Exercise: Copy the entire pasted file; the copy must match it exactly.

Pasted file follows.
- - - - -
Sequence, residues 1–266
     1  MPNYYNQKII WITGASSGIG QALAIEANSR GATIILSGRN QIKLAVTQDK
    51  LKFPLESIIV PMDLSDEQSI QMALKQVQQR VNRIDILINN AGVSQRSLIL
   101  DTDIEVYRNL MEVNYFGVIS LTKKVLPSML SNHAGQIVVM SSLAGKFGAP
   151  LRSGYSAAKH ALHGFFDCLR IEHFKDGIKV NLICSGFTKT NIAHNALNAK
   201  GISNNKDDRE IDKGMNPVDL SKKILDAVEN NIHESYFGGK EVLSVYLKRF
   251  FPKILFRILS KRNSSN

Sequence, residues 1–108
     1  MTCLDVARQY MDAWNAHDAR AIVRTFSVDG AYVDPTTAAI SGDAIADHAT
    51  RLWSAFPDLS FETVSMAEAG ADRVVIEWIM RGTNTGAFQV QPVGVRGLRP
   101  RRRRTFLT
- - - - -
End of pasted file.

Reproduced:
Sequence, residues 1–266
     1  MPNYYNQKII WITGASSGIG QALAIEANSR GATIILSGRN QIKLAVTQDK
    51  LKFPLESIIV PMDLSDEQSI QMALKQVQQR VNRIDILINN AGVSQRSLIL
   101  DTDIEVYRNL MEVNYFGVIS LTKKVLPSML SNHAGQIVVM SSLAGKFGAP
   151  LRSGYSAAKH ALHGFFDCLR IEHFKDGIKV NLICSGFTKT NIAHNALNAK
   201  GISNNKDDRE IDKGMNPVDL SKKILDAVEN NIHESYFGGK EVLSVYLKRF
   251  FPKILFRILS KRNSSN

Sequence, residues 1–108
     1  MTCLDVARQY MDAWNAHDAR AIVRTFSVDG AYVDPTTAAI SGDAIADHAT
    51  RLWSAFPDLS FETVSMAEAG ADRVVIEWIM RGTNTGAFQV QPVGVRGLRP
   101  RRRRTFLT